January is National Train Your Dog month and it seems to always be our most full Basic Obedience Class. Between the addition of new puppies and rescues over the holidays, the January class is always overflowing with anxious pet parents and their even more anxious pups.
Registering for a group training class is a step in the right direction to a balanced dog and a happy life, but it’s only the first step. There are several other key factors to being successful in training your dog, and they involve YOU!
- Commit to class-you have to bring your dog (and yourself) to class in order to benefit from it. Even though dogs are driving cars in Australia…it’s not happening here in the U.S., which means you have to brave the dark and cold Michigan winters and commit to class. The hardest part is getting out of the house, once you’re on the road you’re almost home free, just make it inside the door where it’s nice and toasty warm and settle in to enjoy an hour of bonding with your dog.
- Commit to practice-Although our training methods are highly effective, we only have you and your dog for about an hour a week. You have your dog 24/7 and you’ll get out of the class as much as you put into it. One hour a week isn’t nearly enough time to make anyone an expert on anything….so be prepared to practice. We’re not saying you have to carve out an hour every single day to drill your dog on obedience commands, but 10 minutes at feeding time (breakfast and dinner) is the ideal time to make your dog work for their food. You’ll be amazed to see the difference in dogs who’ve had practice during the week vs. those who didn’t.
- Commit the whole family-Family members are welcome to attend the classes, even children that are supervised by adult. If you know you have a busy schedule and chances are you won’t be the one with enough time during the week to devote to the dog’s training…enlist the help of your family. Having your children participate in the class and with the care of the dog will teach them responsibility and it will also educate them on dogs and how they should be treated and cared for. This comes in handy even with younger kids, of the 4 million dog bites in the U.S. annual, the majority of them involve children 12 years and younger.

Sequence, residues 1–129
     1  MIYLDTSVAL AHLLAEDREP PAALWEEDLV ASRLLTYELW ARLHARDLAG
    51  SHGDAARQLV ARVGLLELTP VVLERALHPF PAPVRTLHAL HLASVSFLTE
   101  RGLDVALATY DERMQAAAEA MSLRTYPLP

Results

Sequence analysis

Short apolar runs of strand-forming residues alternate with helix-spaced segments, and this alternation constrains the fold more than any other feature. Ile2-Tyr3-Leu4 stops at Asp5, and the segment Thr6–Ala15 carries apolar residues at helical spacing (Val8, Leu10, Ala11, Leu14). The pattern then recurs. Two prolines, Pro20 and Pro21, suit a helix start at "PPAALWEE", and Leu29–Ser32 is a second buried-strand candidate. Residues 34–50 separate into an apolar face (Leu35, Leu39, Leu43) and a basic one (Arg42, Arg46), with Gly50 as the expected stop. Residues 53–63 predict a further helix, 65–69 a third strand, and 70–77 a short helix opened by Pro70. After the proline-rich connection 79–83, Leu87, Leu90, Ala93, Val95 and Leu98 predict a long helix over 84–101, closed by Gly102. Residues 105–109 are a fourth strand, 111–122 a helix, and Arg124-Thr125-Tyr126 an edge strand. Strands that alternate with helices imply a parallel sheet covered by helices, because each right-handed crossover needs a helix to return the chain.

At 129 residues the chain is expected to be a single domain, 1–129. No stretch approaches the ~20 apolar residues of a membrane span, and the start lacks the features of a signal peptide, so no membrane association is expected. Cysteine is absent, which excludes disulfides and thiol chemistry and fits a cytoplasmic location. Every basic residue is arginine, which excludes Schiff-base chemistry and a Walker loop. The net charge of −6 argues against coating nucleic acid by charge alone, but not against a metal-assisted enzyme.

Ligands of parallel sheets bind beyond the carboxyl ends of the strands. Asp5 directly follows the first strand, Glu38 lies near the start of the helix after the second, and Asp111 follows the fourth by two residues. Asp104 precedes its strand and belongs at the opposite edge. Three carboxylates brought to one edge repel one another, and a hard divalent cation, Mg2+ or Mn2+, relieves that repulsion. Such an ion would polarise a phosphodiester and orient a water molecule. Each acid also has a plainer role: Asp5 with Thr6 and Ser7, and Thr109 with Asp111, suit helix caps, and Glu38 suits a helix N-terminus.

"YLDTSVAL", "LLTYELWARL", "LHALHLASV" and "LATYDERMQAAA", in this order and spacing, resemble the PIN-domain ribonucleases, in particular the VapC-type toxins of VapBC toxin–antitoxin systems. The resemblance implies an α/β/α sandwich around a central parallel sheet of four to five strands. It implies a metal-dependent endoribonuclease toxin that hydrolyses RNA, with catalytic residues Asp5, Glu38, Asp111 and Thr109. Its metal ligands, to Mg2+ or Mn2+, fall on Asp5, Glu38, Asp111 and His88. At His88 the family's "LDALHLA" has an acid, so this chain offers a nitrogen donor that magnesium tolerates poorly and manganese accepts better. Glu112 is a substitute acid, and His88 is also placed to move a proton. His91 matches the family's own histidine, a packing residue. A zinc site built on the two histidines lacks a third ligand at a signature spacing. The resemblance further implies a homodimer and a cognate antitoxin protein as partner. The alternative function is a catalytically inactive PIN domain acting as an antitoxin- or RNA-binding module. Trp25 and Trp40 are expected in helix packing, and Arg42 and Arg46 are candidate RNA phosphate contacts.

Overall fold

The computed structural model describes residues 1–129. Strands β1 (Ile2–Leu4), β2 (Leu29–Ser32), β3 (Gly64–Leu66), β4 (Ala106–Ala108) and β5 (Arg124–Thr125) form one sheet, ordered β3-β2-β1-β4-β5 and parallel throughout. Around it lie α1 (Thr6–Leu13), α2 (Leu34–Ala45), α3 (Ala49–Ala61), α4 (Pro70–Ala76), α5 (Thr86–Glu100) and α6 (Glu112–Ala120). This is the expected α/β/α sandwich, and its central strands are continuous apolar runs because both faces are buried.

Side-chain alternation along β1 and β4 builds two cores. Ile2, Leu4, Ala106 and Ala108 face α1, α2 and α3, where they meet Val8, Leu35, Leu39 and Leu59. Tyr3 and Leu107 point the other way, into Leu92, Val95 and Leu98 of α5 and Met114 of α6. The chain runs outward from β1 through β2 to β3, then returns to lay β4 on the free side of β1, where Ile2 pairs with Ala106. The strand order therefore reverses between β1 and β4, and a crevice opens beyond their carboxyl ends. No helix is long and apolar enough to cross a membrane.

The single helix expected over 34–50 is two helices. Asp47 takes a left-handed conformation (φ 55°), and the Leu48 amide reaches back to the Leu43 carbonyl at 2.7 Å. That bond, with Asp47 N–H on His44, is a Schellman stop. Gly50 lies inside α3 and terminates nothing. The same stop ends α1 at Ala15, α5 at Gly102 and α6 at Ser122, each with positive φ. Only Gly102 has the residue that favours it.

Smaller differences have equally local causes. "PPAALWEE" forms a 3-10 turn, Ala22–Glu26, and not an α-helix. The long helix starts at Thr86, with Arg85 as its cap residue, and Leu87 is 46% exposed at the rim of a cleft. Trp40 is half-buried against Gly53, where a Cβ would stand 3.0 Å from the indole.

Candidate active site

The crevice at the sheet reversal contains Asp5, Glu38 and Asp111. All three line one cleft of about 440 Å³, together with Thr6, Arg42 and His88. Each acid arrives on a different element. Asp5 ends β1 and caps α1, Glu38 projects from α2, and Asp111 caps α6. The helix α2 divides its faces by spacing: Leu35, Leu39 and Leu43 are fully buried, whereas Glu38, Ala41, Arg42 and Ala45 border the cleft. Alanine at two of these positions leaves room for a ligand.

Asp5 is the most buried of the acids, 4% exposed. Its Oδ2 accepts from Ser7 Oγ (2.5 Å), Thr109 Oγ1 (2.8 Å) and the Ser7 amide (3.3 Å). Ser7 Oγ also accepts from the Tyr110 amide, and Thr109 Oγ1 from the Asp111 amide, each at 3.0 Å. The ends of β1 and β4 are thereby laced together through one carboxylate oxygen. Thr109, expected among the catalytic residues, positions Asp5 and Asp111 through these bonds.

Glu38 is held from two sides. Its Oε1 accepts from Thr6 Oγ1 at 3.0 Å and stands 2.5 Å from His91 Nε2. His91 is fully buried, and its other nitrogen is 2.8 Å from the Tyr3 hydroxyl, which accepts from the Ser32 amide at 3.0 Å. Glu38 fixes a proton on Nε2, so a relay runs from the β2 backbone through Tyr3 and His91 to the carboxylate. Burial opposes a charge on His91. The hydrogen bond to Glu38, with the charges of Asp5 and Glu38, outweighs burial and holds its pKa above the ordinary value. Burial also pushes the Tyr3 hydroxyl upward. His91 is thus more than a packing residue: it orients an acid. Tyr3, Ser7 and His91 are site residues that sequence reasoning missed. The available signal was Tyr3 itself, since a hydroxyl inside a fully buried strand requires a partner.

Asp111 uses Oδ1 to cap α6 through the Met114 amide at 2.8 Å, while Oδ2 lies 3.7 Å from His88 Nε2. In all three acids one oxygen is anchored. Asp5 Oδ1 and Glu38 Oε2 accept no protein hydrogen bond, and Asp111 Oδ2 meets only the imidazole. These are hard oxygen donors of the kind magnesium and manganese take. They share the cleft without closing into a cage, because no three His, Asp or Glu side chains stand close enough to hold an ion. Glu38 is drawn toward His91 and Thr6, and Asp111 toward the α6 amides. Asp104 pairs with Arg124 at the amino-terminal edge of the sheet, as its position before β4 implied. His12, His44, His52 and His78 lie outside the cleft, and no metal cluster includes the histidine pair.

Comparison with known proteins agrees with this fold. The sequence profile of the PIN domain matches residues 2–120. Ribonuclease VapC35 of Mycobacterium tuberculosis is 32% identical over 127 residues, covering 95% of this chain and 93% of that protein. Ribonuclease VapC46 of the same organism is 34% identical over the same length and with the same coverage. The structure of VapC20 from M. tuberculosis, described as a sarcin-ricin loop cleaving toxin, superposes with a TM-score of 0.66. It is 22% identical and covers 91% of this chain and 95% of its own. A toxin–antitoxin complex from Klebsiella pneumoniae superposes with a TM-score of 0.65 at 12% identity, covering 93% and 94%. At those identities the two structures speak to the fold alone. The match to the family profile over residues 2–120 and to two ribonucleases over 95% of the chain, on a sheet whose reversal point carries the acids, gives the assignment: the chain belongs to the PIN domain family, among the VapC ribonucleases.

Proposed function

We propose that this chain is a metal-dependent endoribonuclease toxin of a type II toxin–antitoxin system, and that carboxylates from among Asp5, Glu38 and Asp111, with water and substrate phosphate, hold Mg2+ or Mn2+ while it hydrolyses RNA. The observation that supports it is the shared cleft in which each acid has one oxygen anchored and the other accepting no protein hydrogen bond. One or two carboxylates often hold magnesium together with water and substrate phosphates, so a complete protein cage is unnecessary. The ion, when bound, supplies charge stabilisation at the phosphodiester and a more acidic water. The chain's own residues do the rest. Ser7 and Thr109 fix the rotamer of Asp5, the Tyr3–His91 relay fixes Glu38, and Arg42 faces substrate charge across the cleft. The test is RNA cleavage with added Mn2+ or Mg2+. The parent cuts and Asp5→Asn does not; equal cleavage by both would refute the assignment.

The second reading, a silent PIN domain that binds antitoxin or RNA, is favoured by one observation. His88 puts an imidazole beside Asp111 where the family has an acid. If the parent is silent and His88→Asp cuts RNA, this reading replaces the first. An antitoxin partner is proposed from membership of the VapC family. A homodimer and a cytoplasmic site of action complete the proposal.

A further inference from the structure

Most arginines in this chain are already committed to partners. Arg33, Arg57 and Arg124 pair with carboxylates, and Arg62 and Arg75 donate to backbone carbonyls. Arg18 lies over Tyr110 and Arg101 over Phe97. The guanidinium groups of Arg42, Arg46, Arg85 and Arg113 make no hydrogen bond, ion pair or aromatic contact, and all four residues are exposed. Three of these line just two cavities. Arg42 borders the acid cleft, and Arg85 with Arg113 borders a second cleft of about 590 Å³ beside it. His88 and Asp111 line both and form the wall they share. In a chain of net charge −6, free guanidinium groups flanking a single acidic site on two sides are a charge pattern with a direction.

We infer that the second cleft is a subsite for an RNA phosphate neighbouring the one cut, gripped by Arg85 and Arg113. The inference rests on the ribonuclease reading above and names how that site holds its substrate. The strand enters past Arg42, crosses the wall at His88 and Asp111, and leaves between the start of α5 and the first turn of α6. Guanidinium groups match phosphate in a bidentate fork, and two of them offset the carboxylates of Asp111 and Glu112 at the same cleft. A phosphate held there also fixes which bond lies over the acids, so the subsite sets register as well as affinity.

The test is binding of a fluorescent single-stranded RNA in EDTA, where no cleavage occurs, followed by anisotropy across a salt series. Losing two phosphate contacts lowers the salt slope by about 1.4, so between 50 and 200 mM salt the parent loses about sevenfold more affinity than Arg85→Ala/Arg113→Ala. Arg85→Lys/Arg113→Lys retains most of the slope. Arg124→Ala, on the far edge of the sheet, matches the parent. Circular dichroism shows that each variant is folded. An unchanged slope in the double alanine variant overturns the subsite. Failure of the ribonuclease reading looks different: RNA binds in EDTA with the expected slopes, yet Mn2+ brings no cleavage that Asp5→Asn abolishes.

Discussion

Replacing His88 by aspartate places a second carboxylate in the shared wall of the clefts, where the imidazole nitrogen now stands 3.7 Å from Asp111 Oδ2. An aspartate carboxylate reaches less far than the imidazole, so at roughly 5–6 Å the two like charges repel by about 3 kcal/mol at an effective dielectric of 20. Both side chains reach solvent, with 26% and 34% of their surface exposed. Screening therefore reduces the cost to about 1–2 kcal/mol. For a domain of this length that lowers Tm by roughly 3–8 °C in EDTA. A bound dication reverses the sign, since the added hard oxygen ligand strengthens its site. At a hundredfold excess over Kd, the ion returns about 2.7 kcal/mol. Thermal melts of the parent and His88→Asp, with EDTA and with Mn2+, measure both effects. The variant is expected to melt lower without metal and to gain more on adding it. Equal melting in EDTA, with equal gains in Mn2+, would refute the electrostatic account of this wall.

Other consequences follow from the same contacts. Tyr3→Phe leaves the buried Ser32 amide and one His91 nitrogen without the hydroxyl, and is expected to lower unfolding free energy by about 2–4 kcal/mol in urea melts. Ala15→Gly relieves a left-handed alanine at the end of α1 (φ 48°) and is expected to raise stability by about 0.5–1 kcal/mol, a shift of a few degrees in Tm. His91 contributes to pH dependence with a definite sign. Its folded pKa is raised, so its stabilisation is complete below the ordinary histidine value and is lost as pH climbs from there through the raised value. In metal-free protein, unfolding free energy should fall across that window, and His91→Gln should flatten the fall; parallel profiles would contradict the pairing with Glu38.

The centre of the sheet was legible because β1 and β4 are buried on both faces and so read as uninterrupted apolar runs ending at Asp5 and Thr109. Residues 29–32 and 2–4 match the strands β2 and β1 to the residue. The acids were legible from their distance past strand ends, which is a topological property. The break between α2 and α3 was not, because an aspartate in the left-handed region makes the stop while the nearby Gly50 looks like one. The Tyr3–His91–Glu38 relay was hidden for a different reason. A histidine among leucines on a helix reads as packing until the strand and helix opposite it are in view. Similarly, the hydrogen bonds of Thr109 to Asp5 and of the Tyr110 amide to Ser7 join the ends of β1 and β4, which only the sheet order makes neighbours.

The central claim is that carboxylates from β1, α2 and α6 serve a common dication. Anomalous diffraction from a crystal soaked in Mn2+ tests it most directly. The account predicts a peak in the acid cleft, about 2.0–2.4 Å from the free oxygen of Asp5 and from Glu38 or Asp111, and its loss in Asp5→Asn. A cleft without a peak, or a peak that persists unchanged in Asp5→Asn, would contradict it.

- Commit to the cause-Investing in training for your dog is far more than making your dog learn “sit”. You are making an investment in your dog, to make them the best dog they can be, and you’re making a huge impact in being a responsible pet parent. Train your dog be’cause’ you want them to be well balanced, train them be’cause’ you want them to obey, train them be’cause’ you want to have that bonding experience with them, train them be’cause’ you want them to be a good citizen in the canine community. Train them be’cause’ you want to educate others that even “bully breeds” deserve a loving home and shouldn’t be judged on breed alone.
A little bit of time now will save you a lot of heartache later! Did you know the majority of surrendered dogs were given up because they aren’t potty trained? If only that pet parent understood the importance of putting the time in to train their dog, there would be a lot less dogs in shelters being euthanized each year.
The time you put in now will guarantee you years of a great dog for the future. Think about all the enjoyable walks you’ll have when the dog isn’t pulling and dragging you down the street, or how much your kids will learn from being responsible for their dog, how many fun tricks you can show off and the good manners that will wow everyone!